Are commented to God in such a way that we are available for anything he ask us to do. In the gospel of 12/22. we learn how Mary was so committed to God and the rewards received because of her commitment. As Bishop Baron Tells us; Friends, in today’s Gospel, we hear the Magnificat—Mary’s great hymn of praise to Yahweh.
The hymn commences with the simple declaration, “My soul proclaims the greatness of the Lord.” Mary announces here that her whole being is ordered to the glorification of God. Her ego wants nothing for itself; it wants only to be an occasion for giving honor to God. But since God needs nothing, whatever glory Mary gives to him returns to her benefit, so that she is magnified in the very act of magnifying him. In giving herself away fully to God, Mary becomes a superabundant source of life; indeed, she becomes pregnant with God.
This odd and wonderful rhythm of magnifying and being magnified is the key to understanding everything about Mary, from her divine motherhood, to her Assumption and Immaculate Conception, to her mission in the life of the Church.
In Phillip Keller’s book, “What I Learned From a Sheep Dog”, Phillip tells how his beloved, beautiful border collie was available for anything.
On his sheep ranch on Vancouver Island, there were spots along the shore line where amid the boulders were patches of wild roses, thorny blackberry tangles, old stumps, water falls ,and down timber. Some areas were very rocky, with granite outcroppings.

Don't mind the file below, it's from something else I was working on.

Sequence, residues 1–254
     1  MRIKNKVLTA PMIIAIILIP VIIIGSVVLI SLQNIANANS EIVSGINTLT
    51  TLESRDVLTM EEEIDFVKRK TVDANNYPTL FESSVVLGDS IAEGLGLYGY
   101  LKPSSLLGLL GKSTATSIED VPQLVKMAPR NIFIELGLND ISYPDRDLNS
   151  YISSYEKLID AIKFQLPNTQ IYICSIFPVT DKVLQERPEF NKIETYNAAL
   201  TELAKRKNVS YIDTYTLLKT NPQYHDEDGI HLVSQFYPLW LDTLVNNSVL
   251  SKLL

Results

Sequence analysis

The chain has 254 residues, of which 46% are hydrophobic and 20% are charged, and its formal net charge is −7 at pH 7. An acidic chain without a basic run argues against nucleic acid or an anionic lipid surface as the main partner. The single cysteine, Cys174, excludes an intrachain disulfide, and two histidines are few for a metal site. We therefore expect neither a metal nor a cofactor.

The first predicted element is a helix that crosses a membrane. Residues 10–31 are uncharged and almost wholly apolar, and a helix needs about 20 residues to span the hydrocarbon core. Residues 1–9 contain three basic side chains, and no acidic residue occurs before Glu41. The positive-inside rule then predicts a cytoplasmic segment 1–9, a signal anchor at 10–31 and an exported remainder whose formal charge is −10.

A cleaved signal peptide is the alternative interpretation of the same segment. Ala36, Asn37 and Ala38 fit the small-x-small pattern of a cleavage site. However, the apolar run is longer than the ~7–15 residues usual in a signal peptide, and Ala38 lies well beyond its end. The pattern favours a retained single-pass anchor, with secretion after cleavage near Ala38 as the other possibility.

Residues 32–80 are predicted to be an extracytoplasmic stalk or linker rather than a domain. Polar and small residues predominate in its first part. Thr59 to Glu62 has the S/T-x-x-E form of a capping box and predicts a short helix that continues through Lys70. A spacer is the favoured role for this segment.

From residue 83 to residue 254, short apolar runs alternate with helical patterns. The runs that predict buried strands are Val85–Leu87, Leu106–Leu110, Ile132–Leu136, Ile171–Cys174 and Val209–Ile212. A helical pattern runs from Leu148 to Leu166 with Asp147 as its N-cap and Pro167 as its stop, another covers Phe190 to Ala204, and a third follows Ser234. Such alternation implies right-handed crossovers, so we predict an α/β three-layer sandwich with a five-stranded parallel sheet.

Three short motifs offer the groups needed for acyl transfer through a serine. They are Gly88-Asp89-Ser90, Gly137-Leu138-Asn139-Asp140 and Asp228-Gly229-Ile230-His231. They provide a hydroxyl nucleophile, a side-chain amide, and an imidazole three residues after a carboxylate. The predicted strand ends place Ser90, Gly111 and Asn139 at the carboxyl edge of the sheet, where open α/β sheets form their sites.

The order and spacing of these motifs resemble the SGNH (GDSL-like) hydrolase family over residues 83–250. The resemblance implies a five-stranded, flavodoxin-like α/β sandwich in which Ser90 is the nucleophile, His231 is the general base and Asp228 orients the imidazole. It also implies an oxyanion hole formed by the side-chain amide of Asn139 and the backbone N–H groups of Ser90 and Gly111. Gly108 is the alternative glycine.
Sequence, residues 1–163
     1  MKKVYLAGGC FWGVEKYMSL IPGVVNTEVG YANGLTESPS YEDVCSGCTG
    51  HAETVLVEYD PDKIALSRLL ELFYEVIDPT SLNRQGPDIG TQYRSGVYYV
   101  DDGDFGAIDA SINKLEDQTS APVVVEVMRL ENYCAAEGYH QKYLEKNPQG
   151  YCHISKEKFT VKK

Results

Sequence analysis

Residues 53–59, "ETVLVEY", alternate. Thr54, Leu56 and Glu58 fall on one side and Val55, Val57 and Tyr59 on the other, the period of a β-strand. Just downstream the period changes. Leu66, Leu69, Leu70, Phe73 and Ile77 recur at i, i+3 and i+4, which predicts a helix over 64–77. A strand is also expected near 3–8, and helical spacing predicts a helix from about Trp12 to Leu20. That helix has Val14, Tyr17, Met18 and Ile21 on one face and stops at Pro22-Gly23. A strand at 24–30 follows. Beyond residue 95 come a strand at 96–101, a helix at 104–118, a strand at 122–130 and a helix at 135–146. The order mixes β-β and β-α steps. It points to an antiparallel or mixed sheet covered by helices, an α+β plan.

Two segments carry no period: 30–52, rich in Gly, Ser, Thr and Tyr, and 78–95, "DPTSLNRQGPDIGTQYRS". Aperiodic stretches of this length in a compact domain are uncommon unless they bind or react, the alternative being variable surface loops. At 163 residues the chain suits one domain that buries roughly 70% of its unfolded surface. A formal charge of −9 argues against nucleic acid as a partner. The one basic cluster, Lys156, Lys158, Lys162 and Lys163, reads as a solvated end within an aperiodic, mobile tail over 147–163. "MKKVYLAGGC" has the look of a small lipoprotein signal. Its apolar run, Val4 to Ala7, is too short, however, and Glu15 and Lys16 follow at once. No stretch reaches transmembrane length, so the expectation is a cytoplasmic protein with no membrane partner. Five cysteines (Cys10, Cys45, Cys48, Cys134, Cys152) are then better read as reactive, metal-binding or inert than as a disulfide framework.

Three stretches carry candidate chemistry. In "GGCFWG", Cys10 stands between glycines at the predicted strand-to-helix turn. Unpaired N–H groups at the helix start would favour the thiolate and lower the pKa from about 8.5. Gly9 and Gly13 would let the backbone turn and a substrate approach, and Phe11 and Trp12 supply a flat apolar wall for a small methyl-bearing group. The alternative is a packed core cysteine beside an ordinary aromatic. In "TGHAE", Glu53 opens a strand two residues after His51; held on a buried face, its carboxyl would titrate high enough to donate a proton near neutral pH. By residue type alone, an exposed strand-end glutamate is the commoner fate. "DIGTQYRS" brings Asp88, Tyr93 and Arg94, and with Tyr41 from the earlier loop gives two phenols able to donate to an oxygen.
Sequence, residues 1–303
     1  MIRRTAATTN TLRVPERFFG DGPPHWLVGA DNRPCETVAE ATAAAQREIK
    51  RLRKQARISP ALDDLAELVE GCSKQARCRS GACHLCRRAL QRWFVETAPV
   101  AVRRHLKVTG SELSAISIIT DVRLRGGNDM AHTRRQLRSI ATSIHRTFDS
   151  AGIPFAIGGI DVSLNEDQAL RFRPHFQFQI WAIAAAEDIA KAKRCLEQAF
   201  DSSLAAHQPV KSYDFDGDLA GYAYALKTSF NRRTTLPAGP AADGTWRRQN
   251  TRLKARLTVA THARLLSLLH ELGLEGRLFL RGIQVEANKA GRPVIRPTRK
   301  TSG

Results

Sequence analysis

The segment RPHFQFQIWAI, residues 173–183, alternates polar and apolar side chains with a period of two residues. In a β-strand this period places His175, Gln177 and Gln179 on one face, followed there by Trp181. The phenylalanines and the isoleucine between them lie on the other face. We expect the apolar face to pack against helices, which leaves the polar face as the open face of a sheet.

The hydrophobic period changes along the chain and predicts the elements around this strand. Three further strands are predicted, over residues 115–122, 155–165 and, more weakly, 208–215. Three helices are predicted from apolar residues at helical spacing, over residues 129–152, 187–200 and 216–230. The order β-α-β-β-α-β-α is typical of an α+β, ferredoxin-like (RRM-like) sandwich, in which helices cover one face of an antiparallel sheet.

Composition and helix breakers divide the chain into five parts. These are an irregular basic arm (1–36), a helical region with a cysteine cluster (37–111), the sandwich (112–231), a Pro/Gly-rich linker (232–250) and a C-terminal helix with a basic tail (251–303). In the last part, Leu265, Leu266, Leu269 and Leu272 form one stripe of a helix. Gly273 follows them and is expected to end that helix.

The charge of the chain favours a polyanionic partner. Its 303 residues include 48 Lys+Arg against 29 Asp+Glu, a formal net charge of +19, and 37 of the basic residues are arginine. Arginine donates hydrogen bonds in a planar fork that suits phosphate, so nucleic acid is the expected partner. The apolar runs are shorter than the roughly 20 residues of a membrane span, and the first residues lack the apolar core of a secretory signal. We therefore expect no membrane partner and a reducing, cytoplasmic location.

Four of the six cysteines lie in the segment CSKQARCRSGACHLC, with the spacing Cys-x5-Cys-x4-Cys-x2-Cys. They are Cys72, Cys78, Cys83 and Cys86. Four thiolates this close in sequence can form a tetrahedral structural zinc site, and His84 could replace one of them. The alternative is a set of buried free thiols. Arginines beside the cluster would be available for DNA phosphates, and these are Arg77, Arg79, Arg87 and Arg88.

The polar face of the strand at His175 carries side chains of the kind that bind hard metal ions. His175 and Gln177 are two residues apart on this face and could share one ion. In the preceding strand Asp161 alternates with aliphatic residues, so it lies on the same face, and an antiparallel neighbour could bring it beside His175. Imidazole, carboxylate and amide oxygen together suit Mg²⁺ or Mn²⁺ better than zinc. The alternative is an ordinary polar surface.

The sheep loved to work their way into these spots searching for stray patches of sweet grass, new shouts of shrubbery or dainty herbs they relished. It was no easy task to find the flock in difficult cut-over country.
As Phillip would tell Lass to fetch them. Go and bring them home. Without hesitation the beautiful border collie would be gone, leaping over the windfalls, pushing through the undergrowth, running over the rough rocks. Totally committed to here master’s command.
It was tremendously simulating to watch here work with such eager enthusiasm.She literally flung herself into the task until every sheep was out.
There was a severe cost to the dog in all of this. She would become very weary. Often when she came back to me, her face would be scratched and torn by the cruel thorns of the rose and blackberry. Her coat would be clogged with burs and debris. Sometimes the pads of her feet would be cut and lacerated from the sharp stones.
There was suffering involved, as there was with Mary and Jesus. Being totally committed to God can and does bring suffering. Just read the lives of the saint. Saints such as our Beloved Padre Pio, who had the Stigmata (the physical, visible, painful wounds of Jesus Crucified) for over fifty years.
The question remains, can we abandon ourselves to the Will of God, as did Mary, Padre Pio and as the Border Collie Lass did to her master. Only then can we reap the glories of Eternal life with Our Eternal Father in Heaven.
To help us surrender to God, Our Eternal Father, we should look at and meditate on the Crucifix and feel the suffering, the pain, and humiliation Jesus went through to redeem us from our sins and to make it possible for us to spend Eternal Life in Heaven with our Eternal Father. Remember, this is Our Eternal Father, who loved us so much He delivered His Beloved Son to the Death on the Cross to save us from eternal suffering in hell.
To All Peace, Love, Joy,